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VOW stands with Aamjiwnaang First Nation in their fight against Chemical Valley

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Photo: Jesse McLaren

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I took a scenic drive to Sarnia, Ontario to attend the Toxic Tour-Chemical Valley and stand in solidarity with Aamjiwnaang First Nation.  I couldn't help but appreciate the bright, sunny weather and scenery along the way and noticed the leaves were just starting to change. Our Greenbelt in Southern Ontario is spectacular.

I drove through downtown Sarnia and arrived at the Aamjiwnaang First Nation Community Centre, Maawn Doosh Gumig at 1972 Virgil Avenue and was amazed at the attendance for the Community Dinner and Speakers. The centre was packed! We enjoyed a delicious vegan/vegetarian dinner and then a number of guest speakers, musicians, poets and artists that contributed to an amazing evening and insight to the hardships of the community and premise of bringing awareness to the issues in Aamjiwnaang and Sarnia.

Prior to arrival and off in the distance, I caught a glimpse of Chemical Valley, it was difficult to miss and the massive extent is believable only if seen in person.

Collectively, more than 60 oil refineries and petro-chemical plants operate within 25 km of the valley -- ccounting for 40 per cent of Canada's total chemical industry. The  Aamjiwnaang First Nation Community is located and surrounded by these refineries and has been called the most polluted place in North America.

VICE reporter Michael Toledano had this to say when he visited the Aamjuwnaang in 2013:

"The reserve is a sort of industrial sacrifice zone continuously exposed to pollutants known to cause cancer, cardiovascular, respiratory, developmental and reproductive disorders -- Aamjiwnaang has, for instance, a 39 per cent rate of miscarriage and an anomalous birth ratio of two women for every man born (as opposed to national average of approximately 1:1)."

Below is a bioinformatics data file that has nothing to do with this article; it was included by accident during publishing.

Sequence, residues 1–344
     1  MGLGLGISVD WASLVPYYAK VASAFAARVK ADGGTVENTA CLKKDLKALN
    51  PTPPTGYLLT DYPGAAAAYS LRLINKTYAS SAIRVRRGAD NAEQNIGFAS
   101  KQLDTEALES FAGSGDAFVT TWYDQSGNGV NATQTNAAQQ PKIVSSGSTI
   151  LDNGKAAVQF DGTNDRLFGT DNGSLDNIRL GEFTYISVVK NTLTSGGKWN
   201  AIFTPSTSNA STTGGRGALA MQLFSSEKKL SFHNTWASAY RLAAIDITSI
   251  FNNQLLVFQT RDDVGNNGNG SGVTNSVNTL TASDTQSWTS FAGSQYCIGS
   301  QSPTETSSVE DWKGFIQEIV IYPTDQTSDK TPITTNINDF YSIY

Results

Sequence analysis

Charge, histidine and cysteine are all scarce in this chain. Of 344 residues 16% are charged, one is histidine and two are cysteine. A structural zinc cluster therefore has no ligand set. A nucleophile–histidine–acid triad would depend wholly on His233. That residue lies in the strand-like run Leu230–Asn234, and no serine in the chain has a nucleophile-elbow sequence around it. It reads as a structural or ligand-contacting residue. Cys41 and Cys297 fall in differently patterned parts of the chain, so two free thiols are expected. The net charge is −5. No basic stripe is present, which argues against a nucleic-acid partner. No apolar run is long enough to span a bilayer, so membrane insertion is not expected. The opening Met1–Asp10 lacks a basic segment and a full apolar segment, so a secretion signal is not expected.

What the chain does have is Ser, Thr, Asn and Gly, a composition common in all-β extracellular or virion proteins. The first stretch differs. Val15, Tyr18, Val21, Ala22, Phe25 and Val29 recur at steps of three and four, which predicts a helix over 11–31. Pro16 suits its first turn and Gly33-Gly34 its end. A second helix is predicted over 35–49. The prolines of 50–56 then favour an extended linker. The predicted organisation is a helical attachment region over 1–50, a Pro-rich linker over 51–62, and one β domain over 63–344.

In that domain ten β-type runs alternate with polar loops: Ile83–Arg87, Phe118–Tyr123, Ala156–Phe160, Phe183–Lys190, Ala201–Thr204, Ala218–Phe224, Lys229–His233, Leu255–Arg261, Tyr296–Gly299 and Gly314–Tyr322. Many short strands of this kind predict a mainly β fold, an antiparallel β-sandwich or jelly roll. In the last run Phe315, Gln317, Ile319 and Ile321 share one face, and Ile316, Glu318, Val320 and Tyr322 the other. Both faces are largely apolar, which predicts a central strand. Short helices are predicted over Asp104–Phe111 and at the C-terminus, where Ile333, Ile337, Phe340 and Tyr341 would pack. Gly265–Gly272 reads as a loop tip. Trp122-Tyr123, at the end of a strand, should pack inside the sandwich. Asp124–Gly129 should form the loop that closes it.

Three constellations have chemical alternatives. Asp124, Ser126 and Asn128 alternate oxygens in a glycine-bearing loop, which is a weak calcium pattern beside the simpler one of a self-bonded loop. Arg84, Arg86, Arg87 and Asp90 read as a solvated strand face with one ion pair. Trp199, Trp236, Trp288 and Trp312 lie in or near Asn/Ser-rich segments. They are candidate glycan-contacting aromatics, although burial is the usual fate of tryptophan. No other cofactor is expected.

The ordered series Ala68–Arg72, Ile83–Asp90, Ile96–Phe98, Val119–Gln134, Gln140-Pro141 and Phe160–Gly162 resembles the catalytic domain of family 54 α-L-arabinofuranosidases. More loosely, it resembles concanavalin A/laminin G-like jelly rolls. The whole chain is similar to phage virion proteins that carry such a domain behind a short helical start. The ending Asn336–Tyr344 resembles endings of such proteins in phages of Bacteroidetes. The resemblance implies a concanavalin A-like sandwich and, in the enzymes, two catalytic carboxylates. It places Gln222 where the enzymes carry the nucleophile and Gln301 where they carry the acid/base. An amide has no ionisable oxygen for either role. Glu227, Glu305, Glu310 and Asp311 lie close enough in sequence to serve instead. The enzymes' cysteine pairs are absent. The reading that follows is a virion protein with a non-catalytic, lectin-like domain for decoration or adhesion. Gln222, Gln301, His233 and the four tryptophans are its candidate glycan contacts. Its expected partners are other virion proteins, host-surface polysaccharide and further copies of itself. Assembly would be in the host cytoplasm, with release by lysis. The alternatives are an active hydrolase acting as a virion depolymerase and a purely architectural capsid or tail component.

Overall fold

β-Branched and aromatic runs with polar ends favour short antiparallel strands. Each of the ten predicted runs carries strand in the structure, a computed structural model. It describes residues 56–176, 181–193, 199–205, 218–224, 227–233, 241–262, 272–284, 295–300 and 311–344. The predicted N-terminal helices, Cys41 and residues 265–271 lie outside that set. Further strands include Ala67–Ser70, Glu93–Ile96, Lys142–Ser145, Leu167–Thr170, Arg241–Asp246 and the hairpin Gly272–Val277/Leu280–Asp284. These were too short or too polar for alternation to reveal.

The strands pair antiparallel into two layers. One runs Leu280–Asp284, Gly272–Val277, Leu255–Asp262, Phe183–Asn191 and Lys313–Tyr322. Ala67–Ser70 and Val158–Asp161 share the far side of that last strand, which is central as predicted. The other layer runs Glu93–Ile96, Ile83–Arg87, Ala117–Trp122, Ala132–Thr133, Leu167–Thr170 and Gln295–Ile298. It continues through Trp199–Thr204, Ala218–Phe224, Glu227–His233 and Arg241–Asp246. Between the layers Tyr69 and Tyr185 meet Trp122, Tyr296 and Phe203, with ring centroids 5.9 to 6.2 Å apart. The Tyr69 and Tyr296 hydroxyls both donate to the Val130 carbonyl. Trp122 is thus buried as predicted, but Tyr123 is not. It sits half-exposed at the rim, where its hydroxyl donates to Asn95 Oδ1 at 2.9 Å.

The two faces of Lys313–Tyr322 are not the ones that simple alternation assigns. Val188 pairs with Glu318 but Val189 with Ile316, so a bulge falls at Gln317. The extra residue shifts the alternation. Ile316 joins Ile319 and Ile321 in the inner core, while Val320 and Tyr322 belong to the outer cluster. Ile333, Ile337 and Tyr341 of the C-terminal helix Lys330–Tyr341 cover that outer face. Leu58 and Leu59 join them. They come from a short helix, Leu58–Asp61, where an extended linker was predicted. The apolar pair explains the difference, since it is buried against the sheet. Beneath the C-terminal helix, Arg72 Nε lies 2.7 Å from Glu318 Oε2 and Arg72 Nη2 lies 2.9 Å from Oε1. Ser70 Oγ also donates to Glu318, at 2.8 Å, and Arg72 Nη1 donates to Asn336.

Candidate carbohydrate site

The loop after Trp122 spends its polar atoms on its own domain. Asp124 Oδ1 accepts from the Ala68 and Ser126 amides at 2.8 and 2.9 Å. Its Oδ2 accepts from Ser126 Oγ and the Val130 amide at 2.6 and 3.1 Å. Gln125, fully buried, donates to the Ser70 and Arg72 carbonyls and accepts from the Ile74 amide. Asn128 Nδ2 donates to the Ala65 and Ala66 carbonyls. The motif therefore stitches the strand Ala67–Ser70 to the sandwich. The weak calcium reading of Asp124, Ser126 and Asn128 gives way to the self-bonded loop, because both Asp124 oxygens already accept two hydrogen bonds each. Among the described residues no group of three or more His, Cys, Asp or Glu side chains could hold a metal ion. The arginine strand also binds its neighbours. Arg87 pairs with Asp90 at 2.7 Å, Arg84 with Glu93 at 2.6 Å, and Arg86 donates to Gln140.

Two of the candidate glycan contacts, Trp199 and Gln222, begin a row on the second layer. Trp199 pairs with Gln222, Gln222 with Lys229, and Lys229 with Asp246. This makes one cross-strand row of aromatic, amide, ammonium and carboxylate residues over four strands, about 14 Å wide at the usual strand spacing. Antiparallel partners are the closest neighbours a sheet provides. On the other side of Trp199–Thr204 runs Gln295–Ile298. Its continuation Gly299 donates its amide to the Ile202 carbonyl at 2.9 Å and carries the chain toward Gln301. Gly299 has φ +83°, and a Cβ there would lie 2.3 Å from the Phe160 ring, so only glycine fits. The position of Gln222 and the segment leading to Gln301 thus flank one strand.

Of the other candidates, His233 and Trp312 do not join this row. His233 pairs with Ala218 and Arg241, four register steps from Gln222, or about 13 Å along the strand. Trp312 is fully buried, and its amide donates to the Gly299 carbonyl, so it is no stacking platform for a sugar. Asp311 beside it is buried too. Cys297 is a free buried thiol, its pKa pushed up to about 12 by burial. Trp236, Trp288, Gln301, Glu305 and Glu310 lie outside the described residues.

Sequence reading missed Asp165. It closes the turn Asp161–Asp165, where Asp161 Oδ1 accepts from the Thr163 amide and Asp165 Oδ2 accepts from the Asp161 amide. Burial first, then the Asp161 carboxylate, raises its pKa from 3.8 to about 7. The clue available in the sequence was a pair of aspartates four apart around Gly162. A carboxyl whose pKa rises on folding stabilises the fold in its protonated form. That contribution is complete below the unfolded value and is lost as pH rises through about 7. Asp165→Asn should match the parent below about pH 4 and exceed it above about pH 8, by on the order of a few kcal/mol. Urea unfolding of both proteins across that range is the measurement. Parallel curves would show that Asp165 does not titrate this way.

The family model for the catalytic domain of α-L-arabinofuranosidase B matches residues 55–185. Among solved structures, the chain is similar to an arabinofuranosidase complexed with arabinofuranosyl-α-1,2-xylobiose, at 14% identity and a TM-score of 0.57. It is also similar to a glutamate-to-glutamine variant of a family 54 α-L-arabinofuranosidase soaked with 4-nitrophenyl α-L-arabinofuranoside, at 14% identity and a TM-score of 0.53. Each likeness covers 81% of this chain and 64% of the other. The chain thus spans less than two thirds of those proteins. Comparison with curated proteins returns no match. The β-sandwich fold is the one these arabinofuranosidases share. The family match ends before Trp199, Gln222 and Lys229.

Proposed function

The people, land, air and water have suffered the consequences of such pollution and neglect throughout the years. This needs to be addressed by the our provinicial and federal government by putting an end to industrial expansion, including the new tar sands refineries being proposed in the area.

On Saturday September 5, 2015 we rallied together at Aamjiwnaang First Nation Administration and Council in Sarnia, Ontario, surrounded by refineries on all sides and right beside a daycare building and church. Organzizers, Vanessa Gray and Lindsay Beze Gray, officially started that walk and rally by pointing out the key refineries, our route and also added that although these industries are required to alert the community and report leaks, this is rarely done.

Earlier this year, children at the daycare were sent to hospital feeling unwell with crusty eyes, no alert or report was made, therefore children were wrongly diagnosed with the flu and sent home. Shell later admitted to the spill and were charged under the Environmental Protection Act with causing adverse effects. This is not acceptable.

The Toxic Tour itself captured the magnitude of the social and environmental injustice in the Aamjiwnaang First Nation Reserve and Sarnia, however it also captured the essence of community, spirit, activism and hope for a better future. We enjoyed several stops along the way,  lunch, speakers, artists , musicians, healing circle and song & dance in Solidarity with  Aamjiwnaang.

Many thanks to the organizers Vanessa and Lindsay Gray, artists and speakers Lee Reed,  Sâkihitowin Awâsis and Test Their Logik, supporting groups and volunteers for an amazing event that I look forward to attending in 2016.

See more at: http://aamjiwnaangsolidarity.com/

 

Photo: Jesse McLaren

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